with https://groups.google.com/forum/#!topic/clojure-dev/ewBuyloeiFs/discussion [Left recursion with concat as said in above article as well would stack overflow].

However, none talked about memory consumption.. Do anyone know about good practices with `chunking` and `memory consumption` ?
Can i say that : as long tail of recursive calls are happening due to chunking.. all the memory of intermediate steps is present at the same time.. leading to heavy memory usage.. ?  or is it something more subtle..

Some graphs that i found while profiling :

Olivier Scalbert

Apr 13, 2016, 3:18:31 PM4/13/16
to Clojure
Thanks to all of you !
There are so much material in your answers that I need to wait this week-end to do some tests !

Clojure is cool !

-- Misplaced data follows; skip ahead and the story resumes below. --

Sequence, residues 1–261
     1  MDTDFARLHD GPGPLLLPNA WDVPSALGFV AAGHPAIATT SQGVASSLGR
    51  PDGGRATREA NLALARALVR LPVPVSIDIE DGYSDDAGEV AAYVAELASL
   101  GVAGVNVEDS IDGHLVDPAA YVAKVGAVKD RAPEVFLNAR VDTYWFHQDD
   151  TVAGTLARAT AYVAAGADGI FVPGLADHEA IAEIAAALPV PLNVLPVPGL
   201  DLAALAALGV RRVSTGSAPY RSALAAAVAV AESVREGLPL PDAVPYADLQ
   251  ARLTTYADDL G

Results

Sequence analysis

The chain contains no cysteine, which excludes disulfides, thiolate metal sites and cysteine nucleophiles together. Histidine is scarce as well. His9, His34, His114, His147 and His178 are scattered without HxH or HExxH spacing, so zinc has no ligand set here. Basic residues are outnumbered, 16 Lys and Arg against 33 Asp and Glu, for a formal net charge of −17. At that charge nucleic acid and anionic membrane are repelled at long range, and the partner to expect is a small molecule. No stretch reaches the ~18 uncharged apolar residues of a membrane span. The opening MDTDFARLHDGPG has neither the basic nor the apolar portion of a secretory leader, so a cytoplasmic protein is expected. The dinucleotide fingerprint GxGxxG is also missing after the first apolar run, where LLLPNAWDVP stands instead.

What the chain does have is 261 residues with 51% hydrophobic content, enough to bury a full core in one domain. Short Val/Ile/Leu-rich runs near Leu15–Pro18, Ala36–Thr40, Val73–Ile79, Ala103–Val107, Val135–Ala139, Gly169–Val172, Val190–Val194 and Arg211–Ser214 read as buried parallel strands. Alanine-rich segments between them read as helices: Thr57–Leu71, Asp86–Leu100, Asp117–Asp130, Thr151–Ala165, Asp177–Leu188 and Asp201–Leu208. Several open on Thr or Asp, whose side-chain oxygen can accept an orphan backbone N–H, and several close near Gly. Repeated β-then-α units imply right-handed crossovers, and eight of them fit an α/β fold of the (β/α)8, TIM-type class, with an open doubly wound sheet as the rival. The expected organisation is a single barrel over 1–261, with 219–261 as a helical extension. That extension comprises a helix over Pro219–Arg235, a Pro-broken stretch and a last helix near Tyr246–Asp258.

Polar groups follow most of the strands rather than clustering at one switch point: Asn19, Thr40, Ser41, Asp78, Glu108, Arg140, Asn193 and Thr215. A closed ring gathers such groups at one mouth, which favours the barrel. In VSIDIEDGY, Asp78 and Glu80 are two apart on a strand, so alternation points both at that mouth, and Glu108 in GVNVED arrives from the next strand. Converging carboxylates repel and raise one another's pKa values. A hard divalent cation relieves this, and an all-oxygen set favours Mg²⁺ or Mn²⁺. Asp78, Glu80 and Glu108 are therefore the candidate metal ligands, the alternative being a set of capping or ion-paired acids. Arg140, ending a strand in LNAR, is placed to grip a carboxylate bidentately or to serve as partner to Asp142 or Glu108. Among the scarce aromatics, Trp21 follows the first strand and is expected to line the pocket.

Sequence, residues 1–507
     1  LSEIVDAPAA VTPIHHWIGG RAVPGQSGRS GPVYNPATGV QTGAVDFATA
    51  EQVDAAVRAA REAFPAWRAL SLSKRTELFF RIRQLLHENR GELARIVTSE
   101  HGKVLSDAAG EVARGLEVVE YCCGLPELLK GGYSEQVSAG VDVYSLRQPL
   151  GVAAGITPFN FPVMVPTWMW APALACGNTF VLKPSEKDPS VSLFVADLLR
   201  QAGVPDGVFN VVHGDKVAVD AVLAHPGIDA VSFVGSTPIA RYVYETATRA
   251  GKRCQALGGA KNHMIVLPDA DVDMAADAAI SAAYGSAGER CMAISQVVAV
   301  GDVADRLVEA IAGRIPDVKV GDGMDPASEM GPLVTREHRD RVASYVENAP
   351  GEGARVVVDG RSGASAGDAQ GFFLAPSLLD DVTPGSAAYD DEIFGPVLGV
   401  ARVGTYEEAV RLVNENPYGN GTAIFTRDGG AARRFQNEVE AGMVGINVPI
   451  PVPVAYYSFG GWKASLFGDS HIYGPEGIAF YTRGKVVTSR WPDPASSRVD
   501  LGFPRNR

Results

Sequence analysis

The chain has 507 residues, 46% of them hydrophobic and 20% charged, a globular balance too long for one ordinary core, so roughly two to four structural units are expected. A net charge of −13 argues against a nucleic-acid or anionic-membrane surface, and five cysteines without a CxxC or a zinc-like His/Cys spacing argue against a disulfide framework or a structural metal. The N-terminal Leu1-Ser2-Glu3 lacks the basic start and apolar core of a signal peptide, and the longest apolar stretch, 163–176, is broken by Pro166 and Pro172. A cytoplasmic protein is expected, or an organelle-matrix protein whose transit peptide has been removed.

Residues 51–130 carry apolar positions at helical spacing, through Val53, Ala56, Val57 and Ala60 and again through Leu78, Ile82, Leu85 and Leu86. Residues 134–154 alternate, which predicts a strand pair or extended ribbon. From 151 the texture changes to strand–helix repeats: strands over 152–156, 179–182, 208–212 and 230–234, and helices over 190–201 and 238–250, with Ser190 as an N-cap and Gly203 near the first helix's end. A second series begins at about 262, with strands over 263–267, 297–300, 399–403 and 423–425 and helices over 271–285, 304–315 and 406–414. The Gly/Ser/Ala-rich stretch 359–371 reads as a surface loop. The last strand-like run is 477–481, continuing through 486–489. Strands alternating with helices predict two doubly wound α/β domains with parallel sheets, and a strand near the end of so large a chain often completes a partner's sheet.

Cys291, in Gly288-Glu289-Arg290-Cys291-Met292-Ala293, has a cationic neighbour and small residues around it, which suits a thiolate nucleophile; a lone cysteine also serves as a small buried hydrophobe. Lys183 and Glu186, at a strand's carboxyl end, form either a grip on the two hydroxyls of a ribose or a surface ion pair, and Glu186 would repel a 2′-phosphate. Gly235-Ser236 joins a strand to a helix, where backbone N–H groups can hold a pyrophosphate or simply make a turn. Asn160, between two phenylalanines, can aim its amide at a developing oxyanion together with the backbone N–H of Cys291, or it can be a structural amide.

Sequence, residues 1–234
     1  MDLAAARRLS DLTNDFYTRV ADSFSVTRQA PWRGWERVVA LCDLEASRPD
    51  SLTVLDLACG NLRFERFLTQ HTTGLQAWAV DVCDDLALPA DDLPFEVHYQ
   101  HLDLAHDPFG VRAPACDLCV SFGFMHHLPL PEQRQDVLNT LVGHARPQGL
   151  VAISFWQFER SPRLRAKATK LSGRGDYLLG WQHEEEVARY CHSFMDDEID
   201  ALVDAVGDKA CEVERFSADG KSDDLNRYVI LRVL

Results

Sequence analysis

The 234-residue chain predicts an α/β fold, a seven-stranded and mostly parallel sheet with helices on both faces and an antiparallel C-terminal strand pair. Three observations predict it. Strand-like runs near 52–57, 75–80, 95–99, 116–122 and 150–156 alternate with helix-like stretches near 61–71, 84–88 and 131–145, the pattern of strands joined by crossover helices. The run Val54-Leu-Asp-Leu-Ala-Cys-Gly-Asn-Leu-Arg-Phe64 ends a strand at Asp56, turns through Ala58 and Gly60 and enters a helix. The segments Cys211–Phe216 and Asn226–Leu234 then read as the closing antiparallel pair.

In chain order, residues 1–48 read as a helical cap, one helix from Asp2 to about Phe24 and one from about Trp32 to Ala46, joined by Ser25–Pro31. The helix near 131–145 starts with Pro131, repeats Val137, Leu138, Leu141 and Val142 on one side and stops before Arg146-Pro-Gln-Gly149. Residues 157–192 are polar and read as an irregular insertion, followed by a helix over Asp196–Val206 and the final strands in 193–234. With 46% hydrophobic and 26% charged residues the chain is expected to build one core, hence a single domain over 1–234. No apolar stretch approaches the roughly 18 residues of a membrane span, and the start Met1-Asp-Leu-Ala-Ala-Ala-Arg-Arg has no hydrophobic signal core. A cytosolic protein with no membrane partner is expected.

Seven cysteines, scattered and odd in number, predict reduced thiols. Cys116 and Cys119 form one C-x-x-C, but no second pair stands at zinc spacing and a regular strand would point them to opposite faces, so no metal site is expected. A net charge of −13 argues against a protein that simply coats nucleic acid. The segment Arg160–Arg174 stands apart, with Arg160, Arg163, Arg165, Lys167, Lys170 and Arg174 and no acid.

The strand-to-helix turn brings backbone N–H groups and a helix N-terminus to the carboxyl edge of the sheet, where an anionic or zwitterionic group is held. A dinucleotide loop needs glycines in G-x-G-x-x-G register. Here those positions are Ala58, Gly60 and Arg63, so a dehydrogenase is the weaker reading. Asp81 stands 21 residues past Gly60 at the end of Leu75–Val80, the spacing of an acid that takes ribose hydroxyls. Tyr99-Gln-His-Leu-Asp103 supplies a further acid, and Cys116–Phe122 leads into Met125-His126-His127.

bernardH

Apr 14, 2016, 11:59:23 AM4/14/16
to Clojure
Hi !

On Friday, April 8, 2016 at 3:28:55 PM UTC+2, Olivier Scalbert wrote:
Hello everybody !

I just start learning Clojure and I am a complete newbie !

I have tried to solve this classical small puzzle with Clojure.
Assign one digit from {0, 1, 2, 3, 4, 5, 6, 7, 8, 9} to each letter {o n e t h r l v w y} so that
one + one + one + three + three + eleven = twenty
[…]

How can I change the code into a more idiomatic one ?

For what it's worth, this can be done easily with the great loco library [loco] :
;; straight port of
;; (:use loco.constraints
;;      loco.core))

(defn initialize-digits [vars]
(for [v vars]
(\$in v 0 9)))

(def letters
[:o :n :e :t :h :r :l :v :w :y])

(def puzzle-model
(concat (initialize-digits letters)
[(\$distinct letters)
(\$> :o 0)
(\$> :t 0)
(\$> :e 0)
(\$= (\$+ (\$* 3 (\$scalar [:o :n :e] [100 10 1]))
(\$* 2 (\$scalar [:t :h :r :e :e] [10000 1000 100 10 1]))
(\$scalar [:e :l :e :v :e :n] [100000 10000 1000 100 10 1]))
(\$scalar [:t :w :e :n :t :y] [100000 10000 1000 100 10 1]))]))
(time (solutions puzzle-model))

"Elapsed time: 61.496745 msecs"
({:y 8, :r 7, :v 1, :o 2, :n 3, :w 4, :e 5, :l 0, :h 9, :t 6})

Cheers,

bernard

[loco] https://github.com/aengelberg/loco